• Verification Methods: Establishing robust methods for verifying the data subject’s identity, such as requiring specific forms of identification or using multi-factor authentication (MFA) for online requests. DPM Privacy Portal is a self-service interface that gives customers control over managing their requests. It is simple and highly secure access to their requests, allowing organizations to keep them in check.
  • Documentation: Maintaining clear records of the verification process ensures accountability and compliance with data protection regulations. This documentation should include details of the verification steps taken and any challenges encountered. This can also be tracked via specialized privacy software like DPM, keeping everything in one place for tracking progress and audit purposes.
  • Data Minimization: Collecting and processing only the necessary information to verify identity minimizes the risk of unnecessary exposure of personal data during the verification process.

3. Ensuring Timely and Accurate Responses

Timely and accurate responses are crucial for maintaining transparency and trust with data subjects. Key steps include:

  • Internal Coordination: Establishing clear lines of communication and responsibilities within the organization ensures that requests are promptly routed to the relevant departments for processing.
  • Data Discovery: Identifying all relevant personal data across different systems, databases, and storage locations within the organization. This involves understanding data flows and mapping where personal data resides. Using state-of-the-art data discovery helps prevent false positives, uncovers shadow processing and dark data, and allows you to automatically search for personal data across all IT systems. For example if you receive request for data deletion, you can detect all personal data you have about an individual and go forward with the request.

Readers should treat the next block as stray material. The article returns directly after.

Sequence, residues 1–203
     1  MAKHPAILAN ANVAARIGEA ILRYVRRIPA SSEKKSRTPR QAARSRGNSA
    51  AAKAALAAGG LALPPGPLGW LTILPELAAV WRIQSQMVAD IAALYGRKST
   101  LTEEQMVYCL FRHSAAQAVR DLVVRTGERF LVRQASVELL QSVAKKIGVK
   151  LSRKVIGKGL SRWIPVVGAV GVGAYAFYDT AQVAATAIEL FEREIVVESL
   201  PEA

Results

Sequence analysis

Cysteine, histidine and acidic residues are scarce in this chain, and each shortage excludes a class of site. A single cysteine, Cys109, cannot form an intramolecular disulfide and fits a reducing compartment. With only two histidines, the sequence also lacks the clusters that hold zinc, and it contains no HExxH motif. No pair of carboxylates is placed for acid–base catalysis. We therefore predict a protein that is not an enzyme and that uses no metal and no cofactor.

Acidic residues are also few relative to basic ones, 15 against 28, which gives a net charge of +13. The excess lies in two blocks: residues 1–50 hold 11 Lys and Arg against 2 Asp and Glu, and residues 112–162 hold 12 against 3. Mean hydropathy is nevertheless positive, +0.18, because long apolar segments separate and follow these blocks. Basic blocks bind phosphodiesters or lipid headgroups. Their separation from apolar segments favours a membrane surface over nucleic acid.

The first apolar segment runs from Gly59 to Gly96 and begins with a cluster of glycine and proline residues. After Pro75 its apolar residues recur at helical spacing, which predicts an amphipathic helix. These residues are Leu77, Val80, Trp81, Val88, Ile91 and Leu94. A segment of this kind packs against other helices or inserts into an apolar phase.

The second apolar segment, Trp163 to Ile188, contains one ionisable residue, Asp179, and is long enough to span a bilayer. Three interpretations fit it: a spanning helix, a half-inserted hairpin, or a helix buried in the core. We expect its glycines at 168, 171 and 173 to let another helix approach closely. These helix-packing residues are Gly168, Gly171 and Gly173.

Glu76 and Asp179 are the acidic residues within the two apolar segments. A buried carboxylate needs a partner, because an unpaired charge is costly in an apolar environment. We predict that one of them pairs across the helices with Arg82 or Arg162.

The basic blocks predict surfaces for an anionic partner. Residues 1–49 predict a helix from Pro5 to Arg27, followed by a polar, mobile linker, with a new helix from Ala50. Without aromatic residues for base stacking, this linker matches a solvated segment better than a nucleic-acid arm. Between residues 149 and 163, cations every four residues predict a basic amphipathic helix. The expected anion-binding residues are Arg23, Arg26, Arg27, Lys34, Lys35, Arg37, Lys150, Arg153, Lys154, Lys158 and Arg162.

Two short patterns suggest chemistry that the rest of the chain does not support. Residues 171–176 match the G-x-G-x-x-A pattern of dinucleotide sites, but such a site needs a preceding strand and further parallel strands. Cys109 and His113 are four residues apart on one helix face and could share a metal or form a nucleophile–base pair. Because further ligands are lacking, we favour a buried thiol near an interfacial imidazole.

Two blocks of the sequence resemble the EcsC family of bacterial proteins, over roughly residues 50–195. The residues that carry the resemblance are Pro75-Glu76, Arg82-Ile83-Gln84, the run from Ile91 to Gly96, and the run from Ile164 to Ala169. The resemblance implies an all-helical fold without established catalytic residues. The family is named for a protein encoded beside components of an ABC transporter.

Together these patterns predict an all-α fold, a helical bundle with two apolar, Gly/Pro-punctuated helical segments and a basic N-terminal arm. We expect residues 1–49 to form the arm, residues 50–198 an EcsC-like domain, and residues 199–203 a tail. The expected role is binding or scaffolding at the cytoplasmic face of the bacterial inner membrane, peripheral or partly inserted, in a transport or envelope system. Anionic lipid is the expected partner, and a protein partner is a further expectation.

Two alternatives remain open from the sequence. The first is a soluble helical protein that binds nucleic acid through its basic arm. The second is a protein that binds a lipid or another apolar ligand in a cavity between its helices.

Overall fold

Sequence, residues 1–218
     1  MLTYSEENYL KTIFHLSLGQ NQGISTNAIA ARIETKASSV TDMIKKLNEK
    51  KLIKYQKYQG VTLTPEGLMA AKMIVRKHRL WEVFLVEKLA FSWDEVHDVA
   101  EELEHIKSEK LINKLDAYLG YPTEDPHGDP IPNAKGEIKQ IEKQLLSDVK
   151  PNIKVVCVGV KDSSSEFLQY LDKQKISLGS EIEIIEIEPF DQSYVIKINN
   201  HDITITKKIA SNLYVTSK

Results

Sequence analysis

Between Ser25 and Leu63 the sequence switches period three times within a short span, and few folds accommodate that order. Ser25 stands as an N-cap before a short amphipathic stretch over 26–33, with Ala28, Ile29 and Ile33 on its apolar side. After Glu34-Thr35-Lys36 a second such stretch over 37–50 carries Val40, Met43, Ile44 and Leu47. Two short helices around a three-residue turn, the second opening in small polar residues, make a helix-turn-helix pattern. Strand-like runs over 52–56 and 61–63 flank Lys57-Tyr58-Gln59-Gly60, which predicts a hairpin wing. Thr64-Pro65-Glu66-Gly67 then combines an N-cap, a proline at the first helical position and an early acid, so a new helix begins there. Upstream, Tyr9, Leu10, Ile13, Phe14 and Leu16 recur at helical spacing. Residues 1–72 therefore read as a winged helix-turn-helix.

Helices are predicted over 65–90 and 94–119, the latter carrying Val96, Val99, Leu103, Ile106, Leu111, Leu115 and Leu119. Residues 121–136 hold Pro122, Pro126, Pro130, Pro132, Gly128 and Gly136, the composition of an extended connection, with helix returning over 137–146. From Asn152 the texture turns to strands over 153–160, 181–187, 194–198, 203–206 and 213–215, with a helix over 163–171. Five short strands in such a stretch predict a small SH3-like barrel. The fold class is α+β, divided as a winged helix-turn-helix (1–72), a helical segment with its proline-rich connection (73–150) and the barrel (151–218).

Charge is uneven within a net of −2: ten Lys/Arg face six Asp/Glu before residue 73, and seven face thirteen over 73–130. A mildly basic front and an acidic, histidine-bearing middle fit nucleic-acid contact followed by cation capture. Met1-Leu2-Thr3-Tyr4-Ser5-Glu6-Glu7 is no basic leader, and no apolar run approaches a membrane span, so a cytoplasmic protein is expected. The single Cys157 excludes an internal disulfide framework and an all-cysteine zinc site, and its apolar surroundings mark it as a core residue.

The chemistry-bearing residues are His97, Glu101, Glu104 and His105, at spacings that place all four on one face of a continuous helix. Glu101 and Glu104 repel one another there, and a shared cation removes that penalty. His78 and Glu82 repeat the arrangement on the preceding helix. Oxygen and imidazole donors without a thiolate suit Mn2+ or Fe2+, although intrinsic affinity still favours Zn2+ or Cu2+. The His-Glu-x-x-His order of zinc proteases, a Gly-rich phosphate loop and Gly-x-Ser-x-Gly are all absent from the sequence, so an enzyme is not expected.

• Response Timeframes: Adhering to regulatory requirements for responding demonstrates a commitment to data protection principles. Organizations should have mechanisms in place to monitor response times and escalate unresolved requests as necessary.
  • Quality Assurance: Implementing quality assurance processes, such as reviewing responses for accuracy and completeness before finalizing them, helps ensure that data subjects receive comprehensive and correct information in their responses.

By focusing on these practical aspects of handling requests—recognizing and categorizing requests, verifying identities securely, and ensuring timely and accurate responses—organizations can effectively meet their obligations under data protection laws while fostering trust and accountability with data subjects.

Who is Responsible for Responding to Requests

Depending on whether a Data Protection Officer (DPO) is appointed or not, different roles within an organization can be responsible for responding to requests.

Not all organizations are required to appoint a DPO. However, they are still obligated to respond to the requests, meaning they need a designated employee responsible for overseeing and responding to them.

  • Data Protection Officer (DPO) – While the DPO might not handle the actual tasks of collecting and redacting data, they supervise the response process and ensure compliance with GDPR requirements.
  • Designated Employee Ideally, this employee would understand data protection laws and compliance requirements. However, it would be advised to provide additional training and education from the data protection field to ensure compliance.

Handling Data Subject Requests with Privacy Software

Managing Data Subject Requests (DSRs) can be a challenging task for any organization, demanding significant time, resources, and attention to detail. That is why automation can be a key differentiation in critical situations and help you monitor requests in your daily operations.

DPM Data Subject Request is a module for orchestrating and managing data subject rights. It automates the entire process so that the IT systems where the data is stored can execute user requests in a timely manner.

The process becomes an automated workflow, giving you clear insight every step of the way, from registering a user request through request approval and data processing to notifying the user about the request’s outcome.

Most importantly, the Module represents one central place for the supervision of requests and provides DPO with all the information necessary for managing requests within the limits of the response date.

Data Subject request automation benefits